Arkansas Court Stands Firm in Decision to Throw Out $1.2 Billion Risperdal Lawsuit Verdict

Published on April 28, 2014 by Laurie Villanueva

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The Arkansas Supreme Court will not be reconsidering its decision to toss out a $1.2 billion Risperdal lawsuit judgment against the antipsychotic drug’s manufacturer, a local newspaper reports.

According to an update on April 24th from the Sacramento Bee, the Court announced that day that its ruling that a Medicaid fraud law was misapplied in a 2012 hearing over Risperdal would stand. The original verdict charged Johnson & Johnson and Janssen Pharmaceuticals Inc. with $1.2 billion in charges related to its marketing of the medication, which at the time was allegedly found to have been promoted for uses not approved by the U.S. Food and Drug Administration (FDA). At the time, the Arkansas jurisdiction ruled that the state’s Medicaid program was harmed through the companies’ marketing of Risperdal, a drug prescribed to treat bipolar disorder, schizophrenia and other conditions.

After the decision was reversed, Arkansas Attorney General Dustin McDaniel filed a request for a rehearing on the case that was rejected on Thursday. The state official has since voiced his opposition to the Court’s refusal to reconsider its stance on the Risperdal lawsuit. “I am extremely disappointed that the court decided to deny the petition in this case, considering the basis for the court’s original decision was never addressed until oral argument. That parted with longstanding precedent, and it was impossible for either party to adequately respond to the concerns raised at that time,” he said.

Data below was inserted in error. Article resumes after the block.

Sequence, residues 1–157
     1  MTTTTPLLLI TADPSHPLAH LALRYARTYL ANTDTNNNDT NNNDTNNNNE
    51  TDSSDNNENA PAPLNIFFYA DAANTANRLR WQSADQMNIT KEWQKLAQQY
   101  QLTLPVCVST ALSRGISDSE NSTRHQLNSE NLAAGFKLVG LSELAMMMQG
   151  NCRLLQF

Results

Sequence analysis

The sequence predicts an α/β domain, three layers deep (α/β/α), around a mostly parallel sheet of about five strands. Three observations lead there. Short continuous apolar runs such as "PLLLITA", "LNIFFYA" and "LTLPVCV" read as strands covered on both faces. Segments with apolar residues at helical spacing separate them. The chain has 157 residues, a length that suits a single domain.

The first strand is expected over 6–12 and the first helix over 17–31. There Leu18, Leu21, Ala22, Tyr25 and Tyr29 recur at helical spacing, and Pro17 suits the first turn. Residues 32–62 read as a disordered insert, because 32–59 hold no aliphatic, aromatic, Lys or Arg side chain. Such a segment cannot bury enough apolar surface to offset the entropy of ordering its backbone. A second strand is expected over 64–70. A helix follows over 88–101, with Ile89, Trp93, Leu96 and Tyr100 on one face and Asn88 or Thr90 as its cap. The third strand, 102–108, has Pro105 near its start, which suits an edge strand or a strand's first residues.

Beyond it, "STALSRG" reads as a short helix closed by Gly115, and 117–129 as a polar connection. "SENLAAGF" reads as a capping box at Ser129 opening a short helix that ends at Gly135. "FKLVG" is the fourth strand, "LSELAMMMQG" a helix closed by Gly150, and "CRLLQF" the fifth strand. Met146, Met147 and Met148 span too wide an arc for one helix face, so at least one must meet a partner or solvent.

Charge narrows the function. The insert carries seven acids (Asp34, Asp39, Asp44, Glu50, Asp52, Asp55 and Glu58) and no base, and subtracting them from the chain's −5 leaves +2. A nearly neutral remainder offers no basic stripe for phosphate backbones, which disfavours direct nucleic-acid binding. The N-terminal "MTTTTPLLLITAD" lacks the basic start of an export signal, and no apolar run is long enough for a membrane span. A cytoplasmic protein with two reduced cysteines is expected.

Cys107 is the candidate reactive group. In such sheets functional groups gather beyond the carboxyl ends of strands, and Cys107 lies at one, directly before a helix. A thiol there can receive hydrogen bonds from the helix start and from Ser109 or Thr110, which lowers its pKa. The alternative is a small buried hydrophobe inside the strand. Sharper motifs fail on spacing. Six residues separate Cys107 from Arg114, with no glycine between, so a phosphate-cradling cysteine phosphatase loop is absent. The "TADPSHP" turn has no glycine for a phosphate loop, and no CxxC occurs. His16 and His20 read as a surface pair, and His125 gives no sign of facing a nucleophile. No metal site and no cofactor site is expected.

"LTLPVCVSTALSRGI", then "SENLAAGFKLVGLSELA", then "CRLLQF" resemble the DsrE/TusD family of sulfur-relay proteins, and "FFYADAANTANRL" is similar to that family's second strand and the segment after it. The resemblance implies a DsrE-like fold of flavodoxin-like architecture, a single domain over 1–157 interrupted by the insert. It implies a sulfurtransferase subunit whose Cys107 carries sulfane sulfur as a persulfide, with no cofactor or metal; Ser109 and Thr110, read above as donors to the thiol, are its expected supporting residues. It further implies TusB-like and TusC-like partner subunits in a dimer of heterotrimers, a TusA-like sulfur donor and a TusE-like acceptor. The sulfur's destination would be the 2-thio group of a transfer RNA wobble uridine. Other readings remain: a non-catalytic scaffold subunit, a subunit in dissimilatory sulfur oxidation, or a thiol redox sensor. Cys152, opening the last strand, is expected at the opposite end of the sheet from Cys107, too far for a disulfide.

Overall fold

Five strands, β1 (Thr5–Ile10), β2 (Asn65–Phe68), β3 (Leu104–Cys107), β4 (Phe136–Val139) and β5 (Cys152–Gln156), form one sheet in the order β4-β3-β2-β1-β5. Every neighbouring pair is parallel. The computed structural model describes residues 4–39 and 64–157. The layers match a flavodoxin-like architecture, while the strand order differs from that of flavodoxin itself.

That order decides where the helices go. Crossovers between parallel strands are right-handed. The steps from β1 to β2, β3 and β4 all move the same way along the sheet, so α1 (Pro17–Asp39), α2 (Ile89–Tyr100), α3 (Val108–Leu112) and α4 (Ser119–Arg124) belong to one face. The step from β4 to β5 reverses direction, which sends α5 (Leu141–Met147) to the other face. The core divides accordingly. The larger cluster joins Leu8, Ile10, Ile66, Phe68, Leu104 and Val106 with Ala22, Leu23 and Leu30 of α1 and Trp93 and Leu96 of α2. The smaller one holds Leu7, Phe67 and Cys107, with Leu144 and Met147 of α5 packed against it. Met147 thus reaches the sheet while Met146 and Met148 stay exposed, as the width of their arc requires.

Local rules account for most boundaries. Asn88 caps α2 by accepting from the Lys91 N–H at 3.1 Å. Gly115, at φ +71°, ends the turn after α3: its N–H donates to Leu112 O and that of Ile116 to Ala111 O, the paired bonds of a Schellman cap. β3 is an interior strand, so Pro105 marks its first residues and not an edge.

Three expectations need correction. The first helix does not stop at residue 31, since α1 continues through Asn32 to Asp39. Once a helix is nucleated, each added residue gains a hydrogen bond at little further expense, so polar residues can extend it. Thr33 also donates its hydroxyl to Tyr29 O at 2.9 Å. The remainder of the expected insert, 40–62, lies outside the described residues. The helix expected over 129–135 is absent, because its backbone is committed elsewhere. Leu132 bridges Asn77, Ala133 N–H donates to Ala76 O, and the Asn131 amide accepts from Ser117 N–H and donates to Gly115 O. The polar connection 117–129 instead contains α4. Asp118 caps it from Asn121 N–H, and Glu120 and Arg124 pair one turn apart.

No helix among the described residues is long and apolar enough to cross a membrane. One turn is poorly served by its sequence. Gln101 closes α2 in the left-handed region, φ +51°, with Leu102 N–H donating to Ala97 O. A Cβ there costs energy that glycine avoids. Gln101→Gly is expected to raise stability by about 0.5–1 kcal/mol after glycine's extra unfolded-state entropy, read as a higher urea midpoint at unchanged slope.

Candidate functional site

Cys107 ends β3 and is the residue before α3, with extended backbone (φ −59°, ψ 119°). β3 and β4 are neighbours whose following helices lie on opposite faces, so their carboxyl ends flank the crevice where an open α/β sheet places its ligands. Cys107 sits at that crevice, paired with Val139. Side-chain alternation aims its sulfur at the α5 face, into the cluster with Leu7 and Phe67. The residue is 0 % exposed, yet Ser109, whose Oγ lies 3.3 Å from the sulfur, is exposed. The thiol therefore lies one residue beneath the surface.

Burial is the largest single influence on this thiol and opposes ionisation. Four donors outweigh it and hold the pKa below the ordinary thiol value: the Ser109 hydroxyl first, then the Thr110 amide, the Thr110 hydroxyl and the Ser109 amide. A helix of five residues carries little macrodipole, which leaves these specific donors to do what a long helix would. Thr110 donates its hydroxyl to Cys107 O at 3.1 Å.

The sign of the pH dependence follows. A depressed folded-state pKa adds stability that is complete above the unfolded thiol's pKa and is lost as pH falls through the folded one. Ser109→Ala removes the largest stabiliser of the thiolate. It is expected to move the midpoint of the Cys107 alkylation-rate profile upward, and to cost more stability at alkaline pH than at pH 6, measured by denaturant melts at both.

J&J Prepares to Defend Risperdal Gynecomastia Allegations in PA Court

Despite this victory for Johnson & Johnson, the company is hardly out of the woods in its defense of the medication. In addition to a hundreds of product liability lawsuits over the medication,  many of which alleging Risperdal gynecomastia complications, the pharmaceutical giant recently agreed to a settlement with the federal government that resulted in its payment of $2.2 billion to the U.S. Department of Justice.

The agreement was reached in November 2013 after the findings of a decade-long investigation into Johnson & Johnson’s marketing of Risperdal led to accusations that elderly patients with dementia and children were marketed the medication, despite its lack of approval for use in these demographics at the time.

In the Philadelphia Court of Common Pleas, court documents show at least 350 claims, many of which alleging Risperdal gynecomastia side effects, now filed against Johnson & Johnson. This side effect involves male breast development, which may be caused by elevated levels of the hormone, prolactin.

Filing a Risperdal Gynecomastia Lawsuit

Call our Firm today at  to find out more about Risperdal gynecomastia lawsuits, and whether you may be eligible to file a case against Johnson & Johnson.